Pól Ó Conghaile: The sun is shining on Irish tourism - let's enjoy it
Home, sweet home
Let's make a little hay, and enjoy our country and each other while we can, says our Travel Editor.
When the sun shone this week, it felt like Ireland had swapped Instagram filters.
Within 24 hours, a stultifying, wintry grey had blossomed into a bright, blue-skied land where anything seemed possible.
Lawns were cut. Seeds were planted. Coats were left at home.
As St Patrick's day kicked off, traditionally the start of Ireland's tourism season, I felt an endorphin-like flush of optimism.
Yup, 2016 is going to be a good year.
Ireland may not have a government, but it has a tourism industry - visits jumped by over 20pc last year, according to CSO figures. Lonely Planet dubs the country a "global trailblazer" in its latest guide, and our food and craft drink scenes are flourishing.
In the months ahead, Fáilte Ireland will launch Ireland's Ancient East, Waterford is to unveil its 48km Deise Greenway, and EPIC Ireland will open at Dublin's CHQ.
Star Wars has landed on the Skelligs; Center Parcs is coming to Longford. In compiling this week's Irish bucket list, we had more options than ever.
It's not all sunshine, of course.
If the rainclouds of Rip-Off Ireland return, it's up to us to resist them.
Dublin has a new brand ('A Breath of Fresh Air'), but it's also plagued by streetworks, tattiness and a shortage of hotel rooms. It needs a capital project, similar to Titanic Belfast, to galvanise against European competitors.
All over the country, we need to find a balance between crowds, and quality. How many tour buses can the Wild Atlantic Way accommodate?
Let's enjoy the optimism; then take it to the next level.
Tips of the week...
Try something new
Hotels and self-catering holiday homes dominate the Irish staycation market, but they're not the only show in town. Airbnb.ie now has over 7,200 Irish hosts, and you can rent entire houses and apartments as well as rooms. Luxury Hostels are combining hotel-style comforts with affordable rates, and that's not even starting on camping.
As recession fades in the rearview mirror, booking early is becoming more important - particularly for school holiday periods. Right now, Trident Holiday Homes (tridentholidayhomes.ie) is offering early birds 20pc off rentals booked before March 31, for selected dates between May and July. A two-weeks-for-one offer is also available.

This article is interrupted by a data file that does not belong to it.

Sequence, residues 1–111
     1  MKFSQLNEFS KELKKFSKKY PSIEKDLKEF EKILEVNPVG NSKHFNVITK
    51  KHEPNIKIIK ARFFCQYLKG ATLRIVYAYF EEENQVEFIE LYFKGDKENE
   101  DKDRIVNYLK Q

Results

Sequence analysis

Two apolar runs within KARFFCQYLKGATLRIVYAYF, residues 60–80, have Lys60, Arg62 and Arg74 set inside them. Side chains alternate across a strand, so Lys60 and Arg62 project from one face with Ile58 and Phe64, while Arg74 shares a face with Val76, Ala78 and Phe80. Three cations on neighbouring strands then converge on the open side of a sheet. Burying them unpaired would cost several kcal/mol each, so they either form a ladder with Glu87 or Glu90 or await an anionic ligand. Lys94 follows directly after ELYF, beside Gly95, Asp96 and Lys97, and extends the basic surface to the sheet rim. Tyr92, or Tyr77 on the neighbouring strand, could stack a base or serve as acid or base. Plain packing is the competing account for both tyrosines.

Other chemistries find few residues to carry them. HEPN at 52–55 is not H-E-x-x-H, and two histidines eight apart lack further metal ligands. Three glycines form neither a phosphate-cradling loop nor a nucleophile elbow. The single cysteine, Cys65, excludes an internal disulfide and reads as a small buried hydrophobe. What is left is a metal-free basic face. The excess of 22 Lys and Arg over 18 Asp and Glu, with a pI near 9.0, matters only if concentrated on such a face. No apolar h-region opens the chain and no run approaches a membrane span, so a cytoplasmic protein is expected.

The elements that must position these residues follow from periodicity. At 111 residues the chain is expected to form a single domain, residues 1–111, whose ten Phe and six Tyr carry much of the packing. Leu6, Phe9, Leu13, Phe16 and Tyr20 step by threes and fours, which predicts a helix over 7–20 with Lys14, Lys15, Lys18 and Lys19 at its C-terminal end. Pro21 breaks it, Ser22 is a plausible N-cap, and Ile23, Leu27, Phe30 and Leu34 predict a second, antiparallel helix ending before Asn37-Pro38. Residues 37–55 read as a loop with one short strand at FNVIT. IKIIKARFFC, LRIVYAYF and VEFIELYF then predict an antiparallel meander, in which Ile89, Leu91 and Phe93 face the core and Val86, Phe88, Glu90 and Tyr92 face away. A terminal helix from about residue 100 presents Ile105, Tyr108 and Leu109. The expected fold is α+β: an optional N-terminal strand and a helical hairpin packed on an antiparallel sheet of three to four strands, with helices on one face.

Hit hotels directly
Online sites like booking.com, hotels.com and trivago.ie are super-handy for searches, but it's worth checking directly with the hotel before you book. Hotels can bundle B&B with dinners and activities in special offers, and at high times of demand (eg late bookings) they tend to hold rooms back from such sites. Try the IHF's irelandhotels.com or groups like selecthotelsireland.com too.
What's on your Irish Bucket List?
We live in the best little country in the world, if our readers' tips are anything to go by! When we asked for suggestions for our Irish Bucket List on Facebook, replies ranged from Dungarvan to Donegal. Here are a few of our faves...
Máire Ní Conghaile, Co Galway: 'Inis Oírr, Aran islands for all its natural beauty. Trá álainn, the famous Plassey shipwreck, beautiful cycles and walks around the island and a fabulous playground for families. Great spot to relax and unwind!'
Elaine Loughman, Co Laois: 'What about the hidden lreland! Like the Slieve Blooms or the Rock of Dunamase (above) or beautiful Emo Court or Heywood Gardens!'
Catherine Boland: 'Loop Head is breathtaking. When you're there, drop into the amazing art studio and enjoy tea and the best scones ever with local artist and guide, Carmel Madigan. To me, it has far more spectacular scenery and better cliff views than the Cliffs of Moher!'
Read more:Dublin's Casual Food Revolution: 21 ideas for your next foodie trip The Irish Bucket List: 30 things to do in Ireland before you die Kinsale 2.0: A new wave hits Ireland's original foodie town